Canonical transient receptor channels (TRPC) are non-selective cation channels. They are involved in receptor-operated Ca2+ signaling and have been proposed to act as store-operated channels (SOC). Their malfunction is related to cardiomyopathies and their modulation by small molecules has been shown to be effective against renal cancer cells. The molecular mechanism underlying the complex activation and regulation is poorly understood. Here, we report the electron cryo-microscopy structure of zebrafish TRPC4 in its unliganded (apo), closed state at an overall resolution of 3.6 Å. The structure reveals the molecular architecture of the cation conducting pore, including the selectivity filter and lower gate. The cytoplasmic domain contains two key hubs that have been shown to interact with modulating proteins. Structural comparisons with other TRP channels give novel insights into the general architecture and domain organization of this superfamily of channels and help to understand their function and pharmacology.
The atomic coordinates and cryo-EM maps for TRPC4DR are available at the Protein Data Bank (PDB)/Electron Microscopy Data Bank (EMDB) databases. The accession numbers are 6G1K/EMD-4339. The raw data sets generated in the current study (motion corrected and dose weighted mrc files and box files; 215 GB) are available from the corresponding author upon request.
Electron cryo-microscopy structure of the canonical TRPC4 ion channelPublicly available at the RCSB Protein Data Bank (accession number ID 6G1K).
Electron cryo-microscopy structure of the canonical TRPC4 ion channelPublicly available at the EMDataBank (accession no. EMD-4339).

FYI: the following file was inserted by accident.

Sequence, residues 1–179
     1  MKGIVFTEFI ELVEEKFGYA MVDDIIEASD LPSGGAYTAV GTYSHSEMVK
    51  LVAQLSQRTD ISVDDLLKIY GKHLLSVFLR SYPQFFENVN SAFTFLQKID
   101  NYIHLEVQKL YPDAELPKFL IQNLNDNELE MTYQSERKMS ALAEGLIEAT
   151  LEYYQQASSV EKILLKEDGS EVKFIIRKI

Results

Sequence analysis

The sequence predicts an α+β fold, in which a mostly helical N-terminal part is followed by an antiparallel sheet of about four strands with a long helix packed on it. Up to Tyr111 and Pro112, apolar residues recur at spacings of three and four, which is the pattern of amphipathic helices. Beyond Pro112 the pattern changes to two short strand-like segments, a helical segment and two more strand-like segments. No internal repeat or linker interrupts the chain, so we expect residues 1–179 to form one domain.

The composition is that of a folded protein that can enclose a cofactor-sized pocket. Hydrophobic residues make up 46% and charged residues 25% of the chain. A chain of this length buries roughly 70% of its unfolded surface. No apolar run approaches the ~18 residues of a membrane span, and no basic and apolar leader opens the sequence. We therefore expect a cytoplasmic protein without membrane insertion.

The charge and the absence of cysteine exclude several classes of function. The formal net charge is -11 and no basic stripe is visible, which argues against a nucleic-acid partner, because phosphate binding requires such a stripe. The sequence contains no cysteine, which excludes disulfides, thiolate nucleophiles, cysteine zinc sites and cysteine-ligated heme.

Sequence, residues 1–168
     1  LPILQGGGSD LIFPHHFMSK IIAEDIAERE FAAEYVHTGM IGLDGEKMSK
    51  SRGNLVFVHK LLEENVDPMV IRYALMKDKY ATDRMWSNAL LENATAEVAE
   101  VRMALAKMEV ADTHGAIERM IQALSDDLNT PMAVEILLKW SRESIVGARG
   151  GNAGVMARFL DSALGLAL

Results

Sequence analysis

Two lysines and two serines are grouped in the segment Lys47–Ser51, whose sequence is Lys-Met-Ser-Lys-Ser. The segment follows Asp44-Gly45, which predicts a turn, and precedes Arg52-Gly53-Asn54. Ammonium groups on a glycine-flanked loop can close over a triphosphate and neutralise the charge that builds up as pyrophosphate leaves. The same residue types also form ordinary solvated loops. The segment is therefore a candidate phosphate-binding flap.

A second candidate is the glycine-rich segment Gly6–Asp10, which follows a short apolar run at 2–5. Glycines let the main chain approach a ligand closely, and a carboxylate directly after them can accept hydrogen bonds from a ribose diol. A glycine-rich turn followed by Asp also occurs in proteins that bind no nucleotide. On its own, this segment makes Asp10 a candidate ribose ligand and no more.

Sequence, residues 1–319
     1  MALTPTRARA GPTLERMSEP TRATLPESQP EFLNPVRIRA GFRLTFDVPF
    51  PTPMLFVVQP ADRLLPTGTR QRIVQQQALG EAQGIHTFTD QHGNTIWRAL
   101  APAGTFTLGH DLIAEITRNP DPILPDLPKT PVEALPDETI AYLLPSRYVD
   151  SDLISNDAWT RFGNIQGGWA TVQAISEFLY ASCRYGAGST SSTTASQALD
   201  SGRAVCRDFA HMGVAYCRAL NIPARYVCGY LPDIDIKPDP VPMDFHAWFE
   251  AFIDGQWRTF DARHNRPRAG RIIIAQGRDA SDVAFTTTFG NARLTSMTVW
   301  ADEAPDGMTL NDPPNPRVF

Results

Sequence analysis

- Stefan Raunser
- Stefan Raunser
The funders had no role in study design, data collection and interpretation, or the decision to submit the work for publication.
- Kenton J Swartz, National Institute of Neurological Disorders and Stroke, National Institutes of Health, United States
© 2018, Vinayagam et al.
This article is distributed under the terms of the Creative Commons Attribution License permitting unrestricted use and redistribution provided that the original author and source are credited.
Calcium ion movements between cellular stores and the cytosol govern muscle contraction, the most energy-consuming function in mammals, which confers skeletal myofibers a pivotal role in glycemia regulation. Chronic myoplasmic calcium elevation (“calcium stress”), found in malignant hyperthermia-susceptible (MHS) patients and multiple myopathies, has been suggested to underlie the progression from hyperglycemia to insulin resistance. What drives such progression remains elusive. We find that muscle cells derived from MHS patients have increased content of an activated fragment of GSK3β — a specialized kinase that inhibits glycogen synthase, impairing glucose utilization and delineating a path to hyperglycemia. We also find decreased content of junctophilin1, an essential structural protein that colocalizes in the couplon with the voltage-sensing CaV1.1, the calcium channel RyR1 and calpain1, accompanied by an increase in a 44 kDa junctophilin1 fragment (JPh44) that moves into nuclei. We trace these changes to activated proteolysis by calpain1, secondary to increased myoplasmic calcium. We demonstrate that a JPh44-like construct induces transcriptional changes predictive of increased glucose utilization in myoblasts, including less transcription and translation of GSK3β and decreased transcription of proteins that reduce utilization of glucose. These effects reveal a stress-adaptive response, mediated by the novel regulator of transcription JPh44.
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